I have never used or played the Hero System before, but I am not new to RPG - I started with 2nd edition D&D and played all the diffrent editions since then.  I have played (or ran) adventures in Fate, GURPS (a long time ago), the old FASA Star Trek, and several others I cannot remember right now.  That being said I started with character Generation and figured that out easily enough and there is a lot about the system I am liking, BUT I cannot figure out how to run combat in the system.

 

Can some one explain it to me or point me in the direction of a post I could look at to understand it better?  I used my family as test guinea pigs last night and my boys got rally frusterated as did I.  I just could not wrap my head around it. 

 

Please help!

 

Start here: Hero in 2 Pages. it puts the whole system into an easy to understand nutshell. It also makes a handy handout for newbie players

http://www.herogames.com/forums/files/file/68-hero-in-2-pages/

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NND stands for No Normal Defense, and is a variant on Attack Vs. Alternate Defense.  An NND attack is stopped fully by a specified defense, and does STUN damage only unless the attack is bought with the +1 Does Body Advantage.  In the case of the choke hold, the target takes 2d6 STUN unless he has something that specifically protects against a choke hold, such as a rigid neck covering.  

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The only other thing I think I am not clear on it shooting at an inanimate object.  In the book of adventures I got it has a scenario with a shooting competition between players.  It mentions shooting at a soda can from a 100m away (-8 for size and -8 for distance).  What is the DCV for the soda can?  16 or 27 (16+11)?

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How would I to like a shooting competing between player. Say like shooting at a target that is 100 meters away and is the size of a soda can. I know it would be -8 for the size and -8 for distance. I total of -16 but what do I add it to to see if the characters can hit it.

You're on the right track. Technically the can is DCV 0 and the Range & Size Modifiers subtract from the shooter's OCV, but it amounts to the same thing here.* Bracing (p201) can give a +2 OCV vs Range, and Setting (also p201) adds another +1. Depending on what weapons they're using, those could provide CV and Range bonuses.

 

So say Contestant #1 has an OCV of 6, +2 Combat Skill Levels, and is shooting an STI Ranger that gives +1 OCV and +1 vs Range

 

OCV 6 + 11 = 17-

+2 Skill Levels = 19-

-8 for Size = 11-

-8 for Range = 3-

+1 OCV for the pistol = 4-

+1 vs Range for the pistol = 5-

+2 vs Range for Brace = 7-

+1 for Set = 8-

 

So a roll of 8 or less hits DCV 0, for a 26% chance of hitting; not exactly an easy pistol shot by the rules. Serious gun enthusiasts can improve their odds by adding sights/scopes (p156) or other modifications (p158). Or just buy more Skill Levels.

 

It's also worth noting the rules assume combat shooting: someone is shooting back at you, you've been moving around, your heart is racing, etc. Target shooting is obviously a lot easier, so I don't think it would be unreasonable to give an OCV bonus of say +2? Or maybe double the bonuses for Brace & Set "only during target practice"?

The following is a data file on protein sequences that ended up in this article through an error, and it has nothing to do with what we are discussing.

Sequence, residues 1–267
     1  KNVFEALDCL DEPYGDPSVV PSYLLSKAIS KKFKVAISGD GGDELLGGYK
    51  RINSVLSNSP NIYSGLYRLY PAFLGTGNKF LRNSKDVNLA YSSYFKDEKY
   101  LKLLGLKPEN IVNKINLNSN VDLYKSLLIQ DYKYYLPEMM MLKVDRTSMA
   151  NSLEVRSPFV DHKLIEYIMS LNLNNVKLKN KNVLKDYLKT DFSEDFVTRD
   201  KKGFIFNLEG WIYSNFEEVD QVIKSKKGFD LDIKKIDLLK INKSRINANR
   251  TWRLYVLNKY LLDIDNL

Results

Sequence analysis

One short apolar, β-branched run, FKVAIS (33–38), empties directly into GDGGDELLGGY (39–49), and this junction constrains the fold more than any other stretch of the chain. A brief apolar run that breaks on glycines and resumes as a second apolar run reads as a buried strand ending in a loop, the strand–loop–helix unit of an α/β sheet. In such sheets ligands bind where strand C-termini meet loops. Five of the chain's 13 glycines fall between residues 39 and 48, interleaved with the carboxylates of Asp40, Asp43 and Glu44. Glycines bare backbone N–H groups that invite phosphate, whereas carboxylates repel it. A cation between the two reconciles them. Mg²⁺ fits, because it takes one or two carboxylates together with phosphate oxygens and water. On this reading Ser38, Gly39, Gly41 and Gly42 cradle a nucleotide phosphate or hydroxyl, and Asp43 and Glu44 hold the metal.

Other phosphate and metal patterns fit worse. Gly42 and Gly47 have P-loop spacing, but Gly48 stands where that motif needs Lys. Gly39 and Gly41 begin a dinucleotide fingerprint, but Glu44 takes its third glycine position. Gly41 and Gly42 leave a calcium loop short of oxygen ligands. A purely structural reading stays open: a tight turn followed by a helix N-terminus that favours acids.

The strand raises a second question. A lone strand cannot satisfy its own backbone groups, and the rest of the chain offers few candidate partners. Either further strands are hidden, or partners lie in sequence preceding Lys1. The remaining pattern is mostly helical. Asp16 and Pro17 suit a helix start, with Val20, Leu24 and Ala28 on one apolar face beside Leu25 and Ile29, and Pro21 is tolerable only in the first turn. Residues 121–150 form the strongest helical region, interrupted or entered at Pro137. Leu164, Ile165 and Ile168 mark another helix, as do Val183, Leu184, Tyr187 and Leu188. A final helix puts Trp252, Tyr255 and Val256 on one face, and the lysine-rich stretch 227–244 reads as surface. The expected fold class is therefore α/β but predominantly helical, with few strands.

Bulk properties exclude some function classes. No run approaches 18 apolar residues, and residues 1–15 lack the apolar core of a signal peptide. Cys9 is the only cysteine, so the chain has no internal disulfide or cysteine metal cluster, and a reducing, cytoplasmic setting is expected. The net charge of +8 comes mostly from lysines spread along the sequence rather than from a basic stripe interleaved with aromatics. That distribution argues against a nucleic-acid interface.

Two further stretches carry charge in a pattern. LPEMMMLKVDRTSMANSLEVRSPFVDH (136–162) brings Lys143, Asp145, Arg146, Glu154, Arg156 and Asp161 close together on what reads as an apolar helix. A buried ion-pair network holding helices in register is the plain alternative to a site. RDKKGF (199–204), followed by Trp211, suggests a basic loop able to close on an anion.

* FYI, it sometimes makes a difference is a modifier subtracts from OCV or adds to DCV because other modifiers can halve the shooters OCV or halve the target's DCV, so where the modifiers go matters. But that's not the case here.

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Sorry one more for you all.  with martial art maneuvers, when it says a damage plus STR does that mean you add their HTH damage from STR to the weapon damage?  For example: say a character has a 2d6 in HTH and uses a maneuver or melee weapon that says STR + 1d6, they would roll a 3d6 to determine damage right?

 

Just want to be sure and get this right.

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Let me make sure I understand what you're asking: you mean like where Martial Strike (p202) says STR +2d6? That's for unarmed damage, so a 15 STR character whose punch normally does 3d6 would do 5d6 with a Martial Strike.

 

Weapons are a little bit different, but you're on the right track. Martial Arts must be defined as being either unarmed or with a specific weapon; you can add an additional Weapon Element for 1 pt (p206). So let's assume our character bought Martial Arts with swords and wants to use Martial Strike with a katana, which normally does 1 1/2d6 K. So yes he would add the equivalent of +2d6, but that has to be converted to Killing Damage. The table should probably say "+2 Damage Classes" rather than +2d6, but Martial Arts are most commonly used unarmed. See the Damage Class table on p207: +2 DCs would push the katana damage to 2d6+1 K.

 

Where you do get to add additional STR damage is if the character's STR exceeds the weapon's STR Minimum by 5 or more (p159). Again you're adding a DC, not your total STR damage. So if our guy gets boosted to 17 STR, that would push the katana's base damage to 2d6 K, 2 1/2d6K with the Martial Strike.

 

One last note: it's generally a rule that you can't more than double the damage of a melee weapon, tho I can't find that rule stated anywhere in the MHI book. So a guy with a switchblade (1/2d6K, or 2 DCs) cannot normally do more than 1d6+1 K (4 DCs) regardless of STR bonus, maneuvers, etc. Many GMs choose to bend/ignore that rule in the interest of fun tho.